Electric car maker Tesla has reached an agreement to set up a wholly owned manufacturing facility in Shanghai, in the city’s free-trade zone.
This arrangement, the first of its kind for a foreign auto maker, could enable Tesla to slash production costs, but it would still likely incur China’s 25% import tariff, reports the Wall Street Journal.
China’s electric vehicle market is already the world’s largest. The Chinese government is targeting 7 million EV sales a year by 2025, up from 351,000 last year, and in September it ordered all auto makers in China to start producing EVs by 2019. Reportedly, the officials are working on a plan to ban gasoline cars.
Besides the aforementioned reasons, Tesla’s sales in China is growing since 2015 – from 7.9% (of total sales) to 18.7% in 2017. Tesla reported more than $1 billion in revenue in China for 2016. Today, a Tesla costs 50% more in China than it does in the US. A local manufacturing facility will offer proximity to the Chinese supply chain, thereby lowering production costs and ultimately the price tag of a Tesla car.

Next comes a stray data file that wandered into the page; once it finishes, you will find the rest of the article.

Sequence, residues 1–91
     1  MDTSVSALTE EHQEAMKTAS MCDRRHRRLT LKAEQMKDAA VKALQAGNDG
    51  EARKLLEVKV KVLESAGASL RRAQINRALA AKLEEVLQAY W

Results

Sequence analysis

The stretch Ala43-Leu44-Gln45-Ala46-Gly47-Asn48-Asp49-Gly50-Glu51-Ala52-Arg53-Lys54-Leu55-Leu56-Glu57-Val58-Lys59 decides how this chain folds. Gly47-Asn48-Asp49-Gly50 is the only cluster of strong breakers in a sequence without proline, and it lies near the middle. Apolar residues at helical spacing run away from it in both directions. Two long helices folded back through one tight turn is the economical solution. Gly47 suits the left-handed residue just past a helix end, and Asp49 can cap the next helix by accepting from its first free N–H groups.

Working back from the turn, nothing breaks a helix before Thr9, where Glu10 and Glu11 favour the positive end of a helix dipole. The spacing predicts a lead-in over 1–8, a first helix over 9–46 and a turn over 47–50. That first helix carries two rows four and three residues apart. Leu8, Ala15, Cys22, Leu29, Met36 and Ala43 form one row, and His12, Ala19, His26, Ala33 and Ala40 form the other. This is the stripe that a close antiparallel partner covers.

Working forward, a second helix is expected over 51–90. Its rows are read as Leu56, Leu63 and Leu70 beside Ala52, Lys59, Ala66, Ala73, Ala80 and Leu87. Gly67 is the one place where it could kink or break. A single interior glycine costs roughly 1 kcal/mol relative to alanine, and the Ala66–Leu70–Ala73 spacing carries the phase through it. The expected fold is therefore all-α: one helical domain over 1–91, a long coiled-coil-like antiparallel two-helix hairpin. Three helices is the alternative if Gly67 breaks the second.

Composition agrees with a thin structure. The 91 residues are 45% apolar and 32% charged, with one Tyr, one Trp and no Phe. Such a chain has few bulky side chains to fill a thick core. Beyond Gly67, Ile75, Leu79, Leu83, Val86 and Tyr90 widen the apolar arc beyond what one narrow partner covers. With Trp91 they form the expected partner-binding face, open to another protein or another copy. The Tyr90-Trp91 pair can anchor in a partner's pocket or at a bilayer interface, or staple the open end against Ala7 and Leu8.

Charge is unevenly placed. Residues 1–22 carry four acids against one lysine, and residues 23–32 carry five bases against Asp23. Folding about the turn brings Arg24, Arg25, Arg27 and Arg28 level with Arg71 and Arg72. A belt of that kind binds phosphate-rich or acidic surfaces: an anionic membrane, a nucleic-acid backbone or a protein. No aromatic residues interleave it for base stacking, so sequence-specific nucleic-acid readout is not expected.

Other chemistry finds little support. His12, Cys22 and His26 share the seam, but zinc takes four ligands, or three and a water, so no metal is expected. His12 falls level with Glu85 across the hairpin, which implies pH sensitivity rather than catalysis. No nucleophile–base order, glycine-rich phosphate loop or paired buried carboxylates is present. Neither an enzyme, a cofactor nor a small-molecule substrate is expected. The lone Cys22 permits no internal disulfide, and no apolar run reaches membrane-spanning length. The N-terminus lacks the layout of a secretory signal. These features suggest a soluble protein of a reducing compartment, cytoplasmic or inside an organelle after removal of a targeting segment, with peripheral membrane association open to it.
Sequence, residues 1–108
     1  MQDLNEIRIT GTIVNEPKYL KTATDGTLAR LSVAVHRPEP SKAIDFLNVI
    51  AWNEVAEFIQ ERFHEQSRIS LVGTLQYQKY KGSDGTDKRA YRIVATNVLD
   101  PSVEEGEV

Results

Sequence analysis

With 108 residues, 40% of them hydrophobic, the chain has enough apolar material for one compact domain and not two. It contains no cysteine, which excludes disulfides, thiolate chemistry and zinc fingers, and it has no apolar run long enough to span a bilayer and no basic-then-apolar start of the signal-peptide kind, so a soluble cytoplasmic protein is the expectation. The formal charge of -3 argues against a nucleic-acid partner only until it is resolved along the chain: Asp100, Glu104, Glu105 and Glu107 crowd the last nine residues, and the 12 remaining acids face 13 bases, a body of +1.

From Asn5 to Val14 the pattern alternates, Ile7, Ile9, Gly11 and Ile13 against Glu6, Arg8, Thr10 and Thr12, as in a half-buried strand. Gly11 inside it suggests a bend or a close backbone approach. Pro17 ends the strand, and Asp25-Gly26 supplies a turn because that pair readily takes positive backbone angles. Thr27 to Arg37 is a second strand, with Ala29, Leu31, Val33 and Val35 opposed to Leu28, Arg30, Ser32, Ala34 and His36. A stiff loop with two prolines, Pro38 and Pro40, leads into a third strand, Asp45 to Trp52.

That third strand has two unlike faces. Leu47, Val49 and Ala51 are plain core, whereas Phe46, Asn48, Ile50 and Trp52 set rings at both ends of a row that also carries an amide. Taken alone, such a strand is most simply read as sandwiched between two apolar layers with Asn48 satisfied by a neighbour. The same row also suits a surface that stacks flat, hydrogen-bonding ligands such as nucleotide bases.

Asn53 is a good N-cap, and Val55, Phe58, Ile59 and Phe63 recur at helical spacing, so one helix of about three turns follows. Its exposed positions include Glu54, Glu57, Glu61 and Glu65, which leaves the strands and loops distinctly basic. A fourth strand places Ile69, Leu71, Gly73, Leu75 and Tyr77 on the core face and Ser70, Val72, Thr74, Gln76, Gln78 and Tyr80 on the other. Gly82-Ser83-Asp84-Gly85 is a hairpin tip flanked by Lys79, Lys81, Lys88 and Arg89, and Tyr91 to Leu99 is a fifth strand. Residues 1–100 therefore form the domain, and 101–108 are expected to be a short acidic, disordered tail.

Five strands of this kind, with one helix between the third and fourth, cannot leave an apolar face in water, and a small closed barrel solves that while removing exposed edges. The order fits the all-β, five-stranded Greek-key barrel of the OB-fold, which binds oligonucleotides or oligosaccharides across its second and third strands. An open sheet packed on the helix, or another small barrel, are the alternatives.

The map above shows Tesla’s presence in China. In case you missed it, Elon Musk was in discussion with the Indian Government for a ‘temporary relief’ on import duties until a manufacturing facility is setup, and was also seeking some additional clarifications. But things seems to have not worked out, or perhaps Elon thought that a factory in China will make more sense, for obvious reasons.
While the Indian government claims to have an ambitious plan to have only electric cars by 2030, so much so that it doesn’t want to support hybrids anymore, the infrastructure for EVs is pretty much non-existent at this point, not to mention the hurdles for setting up one. The Prime Minister’s visit to Tesla factory in 2015 didn’t seem to work either.